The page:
For tea and coffee drinkers swapping regular caffeine fixes along these lines can be amazingly good for your figure: Instead of a Latte with whole milk (158kcals) swap for Cappuccino with semi skimmed milk (92kcals) or Cappuccino with skimmed milk (69kcals). Instead of tea with whole milk (96kcals) swap for tea with semi-skimmed milk (84kcals) or with skimmed milk (82kcals). Better still swapping to herbal tea (2.3kcals) and green tea (0kcals) would reduce your calories intake dramatically.


For cheese, instead of cheddar (410kcal) go for hard cheeses such as Gouda (362kcal), Edam (318kcal), Dutch cheese (235kcal) and low fat cottage cheese (75kcal). Swap regular yogurts for low fat varieties and natural Greek yogurt. Greek yogurt contains less sugar and is high in protein. You can always add a handful of fruit and muesli to make it more interesting.

4. Snacking

There is nothing wrong with snacking as long as what your choose to eat is a healthy alternative to crisps, biscuits, chocolate and other junk food that has no nutritional value. Sadly, hubby’s tastes tend to gravitate towards exactly the wrong type of snacks! Fruit and vegetables can make a great snack and counts towards one of the 5-A-Day portions. Healthier choices like apple, banana, celery, carrots dried fruit and nut mix are great alternatives for snacking between meals. Oatcakes, rice cakes and popcorn are also good low calories alternatives too. My husband seems keenest on the popcorn of all these alternatives, but nuts are going down well too. They can be very fattening and more-ish though, so I’m in charge of portion control!

5. Spreads

Butter tastes great but it contains unhealthy saturated fats which should be avoided. If you want be healthy go for healthier spreads such as olive oil spread that contain polyunsaturated and monounsaturated fats but avoid any vegetables spreads that contain unhealthy trans fats. My husband is mad keen on butter, but has actually found this change an easy one to make. He finds it easier to identify a pure fat product with a health risk even though he loves the taste. He’s made the switch to a half fat alternative made with butter, healthy vegetable oils and water.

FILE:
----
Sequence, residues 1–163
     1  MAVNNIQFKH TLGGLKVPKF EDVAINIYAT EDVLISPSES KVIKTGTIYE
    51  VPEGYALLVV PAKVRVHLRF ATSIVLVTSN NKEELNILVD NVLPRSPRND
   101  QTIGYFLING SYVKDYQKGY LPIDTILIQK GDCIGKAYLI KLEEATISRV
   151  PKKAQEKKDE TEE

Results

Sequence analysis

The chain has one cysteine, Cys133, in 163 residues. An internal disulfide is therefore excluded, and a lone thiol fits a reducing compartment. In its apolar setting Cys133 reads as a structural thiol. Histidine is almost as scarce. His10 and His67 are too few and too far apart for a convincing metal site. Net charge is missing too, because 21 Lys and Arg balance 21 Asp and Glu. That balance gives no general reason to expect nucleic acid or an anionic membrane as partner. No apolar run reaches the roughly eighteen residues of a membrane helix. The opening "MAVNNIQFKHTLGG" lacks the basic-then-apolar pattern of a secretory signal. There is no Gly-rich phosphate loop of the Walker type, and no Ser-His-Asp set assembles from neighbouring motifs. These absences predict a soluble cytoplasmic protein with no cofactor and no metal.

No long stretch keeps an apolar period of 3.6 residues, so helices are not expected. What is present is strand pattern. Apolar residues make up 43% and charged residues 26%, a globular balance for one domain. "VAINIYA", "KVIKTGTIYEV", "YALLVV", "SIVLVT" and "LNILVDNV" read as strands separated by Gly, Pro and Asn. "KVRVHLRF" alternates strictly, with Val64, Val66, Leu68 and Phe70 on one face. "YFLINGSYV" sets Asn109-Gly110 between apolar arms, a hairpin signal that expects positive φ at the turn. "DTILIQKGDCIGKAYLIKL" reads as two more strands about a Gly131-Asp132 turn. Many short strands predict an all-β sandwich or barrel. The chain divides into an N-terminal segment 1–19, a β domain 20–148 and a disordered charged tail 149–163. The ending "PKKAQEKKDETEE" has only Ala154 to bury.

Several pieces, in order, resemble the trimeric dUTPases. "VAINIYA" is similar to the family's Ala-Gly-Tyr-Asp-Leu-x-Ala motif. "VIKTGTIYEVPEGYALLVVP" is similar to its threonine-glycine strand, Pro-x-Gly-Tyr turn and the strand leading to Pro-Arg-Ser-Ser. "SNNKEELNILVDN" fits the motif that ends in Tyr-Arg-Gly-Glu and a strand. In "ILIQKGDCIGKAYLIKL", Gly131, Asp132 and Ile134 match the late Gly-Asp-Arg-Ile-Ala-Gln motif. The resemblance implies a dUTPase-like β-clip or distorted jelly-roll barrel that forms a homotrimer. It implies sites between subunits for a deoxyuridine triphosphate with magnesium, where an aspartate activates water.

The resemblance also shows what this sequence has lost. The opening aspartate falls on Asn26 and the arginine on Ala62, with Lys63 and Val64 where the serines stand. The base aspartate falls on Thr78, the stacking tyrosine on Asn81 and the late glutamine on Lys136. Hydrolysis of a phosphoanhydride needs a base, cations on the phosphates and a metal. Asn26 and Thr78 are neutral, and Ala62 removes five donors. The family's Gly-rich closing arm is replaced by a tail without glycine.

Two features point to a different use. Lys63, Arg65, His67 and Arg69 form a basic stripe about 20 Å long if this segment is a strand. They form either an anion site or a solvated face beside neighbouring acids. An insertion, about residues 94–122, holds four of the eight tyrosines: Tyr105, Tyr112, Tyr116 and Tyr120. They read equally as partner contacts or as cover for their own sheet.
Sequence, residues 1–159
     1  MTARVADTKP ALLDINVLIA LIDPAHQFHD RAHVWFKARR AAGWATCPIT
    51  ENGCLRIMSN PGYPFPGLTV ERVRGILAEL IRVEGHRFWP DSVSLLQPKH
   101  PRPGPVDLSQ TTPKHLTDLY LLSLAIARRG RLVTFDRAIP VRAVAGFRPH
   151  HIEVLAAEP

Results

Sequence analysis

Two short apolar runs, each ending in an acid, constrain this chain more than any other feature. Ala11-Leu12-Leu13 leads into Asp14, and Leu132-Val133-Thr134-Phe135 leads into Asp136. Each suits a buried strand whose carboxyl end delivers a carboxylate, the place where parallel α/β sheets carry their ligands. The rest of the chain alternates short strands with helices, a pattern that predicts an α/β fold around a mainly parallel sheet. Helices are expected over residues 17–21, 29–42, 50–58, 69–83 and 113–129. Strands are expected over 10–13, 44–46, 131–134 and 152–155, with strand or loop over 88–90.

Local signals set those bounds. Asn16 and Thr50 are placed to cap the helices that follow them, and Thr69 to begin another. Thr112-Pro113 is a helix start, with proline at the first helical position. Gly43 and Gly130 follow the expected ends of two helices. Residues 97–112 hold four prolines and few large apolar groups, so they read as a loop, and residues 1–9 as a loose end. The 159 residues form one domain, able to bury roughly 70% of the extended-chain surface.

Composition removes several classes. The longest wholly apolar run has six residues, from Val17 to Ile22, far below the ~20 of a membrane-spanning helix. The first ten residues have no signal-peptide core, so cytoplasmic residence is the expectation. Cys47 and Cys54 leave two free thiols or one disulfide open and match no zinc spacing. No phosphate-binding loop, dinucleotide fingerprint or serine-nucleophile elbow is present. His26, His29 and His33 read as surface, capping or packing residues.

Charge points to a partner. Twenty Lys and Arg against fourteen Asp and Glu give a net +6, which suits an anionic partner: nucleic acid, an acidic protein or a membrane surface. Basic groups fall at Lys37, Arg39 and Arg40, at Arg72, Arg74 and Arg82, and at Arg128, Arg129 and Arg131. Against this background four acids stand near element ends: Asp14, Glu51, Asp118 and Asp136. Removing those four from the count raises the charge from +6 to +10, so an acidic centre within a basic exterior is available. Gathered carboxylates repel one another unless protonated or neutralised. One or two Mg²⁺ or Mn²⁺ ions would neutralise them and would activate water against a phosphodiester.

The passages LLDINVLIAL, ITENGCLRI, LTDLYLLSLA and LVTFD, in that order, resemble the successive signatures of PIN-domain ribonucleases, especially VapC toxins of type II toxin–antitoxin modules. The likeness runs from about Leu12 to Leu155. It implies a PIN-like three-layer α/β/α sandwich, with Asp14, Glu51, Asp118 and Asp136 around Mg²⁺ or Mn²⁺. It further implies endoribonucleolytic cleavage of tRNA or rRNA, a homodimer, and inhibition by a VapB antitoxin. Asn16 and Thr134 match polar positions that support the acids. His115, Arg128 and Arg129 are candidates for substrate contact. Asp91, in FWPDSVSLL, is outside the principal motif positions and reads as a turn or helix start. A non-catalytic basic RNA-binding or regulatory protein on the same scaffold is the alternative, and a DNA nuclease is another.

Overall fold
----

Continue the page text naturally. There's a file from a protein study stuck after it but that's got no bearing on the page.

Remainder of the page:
6. Meat

Meat is a good source of protein, iron and other nurtients that your body requires to build and maintain muscle. White meat like chicken and turkey have less fat than red meat. You should avoid eating too much processed meat such as bacon, sausages, hams etc. particularly poorer quality products that rely on salt and other agents to maintain taste and appeal. Trim off any excess fat from your meat to keep your waistline trim and maintain a healthy heart. I’ve agreed with my husband that we will skip meat in some meals (not a problem – he was vegetarian when we met) and generally have smaller portions of meat. This tip’s good for the wallet, as well as the waistline. Generally, portion control is a good discipline to maintaining your optimum weight. People tend to overeat and it's quite easy to pile on the pounds if you consistently overeat at every meal all the time. Reducing your portion size is the best way to reduce calories intake. You can still enjoy a meal that is high in calories by eating a smaller portion. A good rule of thumb for a meat portion is that it should not be bigger than your palm.

Finally, cook healthier meals and keep an eye on those calorie counts!

Here’s a selection of our best lower-calorie meal plans and recipes. Remember that as your meal planning you can check the calorie count for that weeks meal plan at the bottom of the page.